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Highly Accessed Review

Clinical review: Early patient mobilization in the ICU

Carol L Hodgson12*, Sue Berney34, Megan Harrold56, Manoj Saxena789 and Rinaldo Bellomo1

Author Affiliations

1 Australia and New Zealand Intensive Care Research Centre, School of Public Health & Preventive Medicine, Monash University, The Alfred Centre, 99 Commercial Road, Melbourne, VIC, Australia, 3004

2 The Alfred, Melbourne, Commercial Rd Prahran, VIC, Australia, 3181

3 Austin Health, 145 Studley Rd, Heidelberg, VIC, Australia, 3084

4 University of Melbourne, Grattan St Parkville, Melbourne, VIC, Australia, 3010

5 Curtin University, GPO Box U1987, Perth, Western Australia, 6845

6 Royal Perth Hospital, 197 Wellington St, Perth, WA, Australia, 6000

7 The St George Hospital, Gray St, Kogarah, NSW, Australia, 2217

8 The University of New South Wales, High St, Kensington, NSW, Australia, 2052

9 The George Institute For Global Health, Level 13, 321 Kent Street, Sydney, NSW, Australia, 2000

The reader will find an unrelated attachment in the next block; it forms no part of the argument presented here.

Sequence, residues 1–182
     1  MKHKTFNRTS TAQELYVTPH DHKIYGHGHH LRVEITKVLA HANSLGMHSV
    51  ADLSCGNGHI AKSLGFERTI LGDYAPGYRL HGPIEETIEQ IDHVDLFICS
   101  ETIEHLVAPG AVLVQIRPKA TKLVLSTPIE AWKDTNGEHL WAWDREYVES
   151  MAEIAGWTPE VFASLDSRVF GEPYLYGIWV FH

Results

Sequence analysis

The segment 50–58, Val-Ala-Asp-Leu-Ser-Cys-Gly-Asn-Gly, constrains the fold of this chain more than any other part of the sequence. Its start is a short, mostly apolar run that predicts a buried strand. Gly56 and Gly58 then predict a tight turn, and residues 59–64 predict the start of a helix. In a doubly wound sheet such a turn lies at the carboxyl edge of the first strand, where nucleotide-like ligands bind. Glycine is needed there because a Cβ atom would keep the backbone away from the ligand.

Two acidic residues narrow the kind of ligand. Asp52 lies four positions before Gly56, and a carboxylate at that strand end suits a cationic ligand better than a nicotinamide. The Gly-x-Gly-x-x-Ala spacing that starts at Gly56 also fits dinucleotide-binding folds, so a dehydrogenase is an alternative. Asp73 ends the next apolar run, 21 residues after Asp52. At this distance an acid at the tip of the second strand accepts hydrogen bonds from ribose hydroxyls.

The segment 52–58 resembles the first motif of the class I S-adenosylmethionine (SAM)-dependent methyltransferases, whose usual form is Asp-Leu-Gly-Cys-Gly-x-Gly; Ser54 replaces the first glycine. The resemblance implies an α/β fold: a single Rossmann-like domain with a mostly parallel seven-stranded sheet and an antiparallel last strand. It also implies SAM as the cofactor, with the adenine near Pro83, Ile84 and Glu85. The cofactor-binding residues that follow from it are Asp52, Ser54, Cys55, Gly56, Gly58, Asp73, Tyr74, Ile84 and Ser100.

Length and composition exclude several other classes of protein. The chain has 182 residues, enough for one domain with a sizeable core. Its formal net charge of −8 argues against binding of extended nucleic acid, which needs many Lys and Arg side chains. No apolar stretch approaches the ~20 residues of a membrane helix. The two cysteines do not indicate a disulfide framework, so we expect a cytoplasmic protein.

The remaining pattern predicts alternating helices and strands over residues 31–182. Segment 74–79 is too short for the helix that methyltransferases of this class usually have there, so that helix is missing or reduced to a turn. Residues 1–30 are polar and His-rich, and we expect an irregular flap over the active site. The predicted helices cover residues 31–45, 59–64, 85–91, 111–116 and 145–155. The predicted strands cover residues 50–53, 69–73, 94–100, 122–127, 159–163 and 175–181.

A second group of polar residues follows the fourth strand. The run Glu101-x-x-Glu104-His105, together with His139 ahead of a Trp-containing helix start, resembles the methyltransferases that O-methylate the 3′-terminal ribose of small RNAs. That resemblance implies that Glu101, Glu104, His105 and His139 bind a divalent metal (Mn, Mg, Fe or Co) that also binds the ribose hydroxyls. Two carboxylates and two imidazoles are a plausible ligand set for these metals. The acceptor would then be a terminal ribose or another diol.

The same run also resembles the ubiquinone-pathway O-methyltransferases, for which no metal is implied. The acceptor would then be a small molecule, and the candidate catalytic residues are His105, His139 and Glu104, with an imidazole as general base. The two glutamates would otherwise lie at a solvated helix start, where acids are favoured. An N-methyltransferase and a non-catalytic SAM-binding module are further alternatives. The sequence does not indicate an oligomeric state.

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Critical Care 2012, 17:207  doi:10.1186/cc11820

Published: 28 February 2013

Abstract

Early mobilization (EM) of ICU patients is a physiologically logical intervention to attenuate critical illness-associated muscle weakness. However, its long-term value remains controversial. We performed a detailed analytical review of the literature using multiple relevant key terms in order to provide a comprehensive assessment of current knowledge on EM in critically ill patients. We found that the term EM remains undefined and encompasses a range of heterogeneous interventions that have been used alone or in combination. Nonetheless, several studies suggest that different forms of EM may be both safe and feasible in ICU patients, including those receiving mechanical ventilation. Unfortunately, these studies of EM are mostly single center in design, have limited external validity and have highly variable control treatments. In addition, new technology to facilitate EM such as cycle ergometry, transcutaneous electrical muscle stimulation and video therapy are increasingly being used to achieve such EM despite limited evidence of efficacy. We conclude that although preliminary low-level evidence suggests that EM in the ICU is safe, feasible and may yield clinical benefits, EM is also labor-intensive and requires appropriate staffing models and equipment. More research is thus required to identify current standard practice, optimal EM techniques and appropriate outcome measures before EM can be introduced into the routine care of critically ill patients.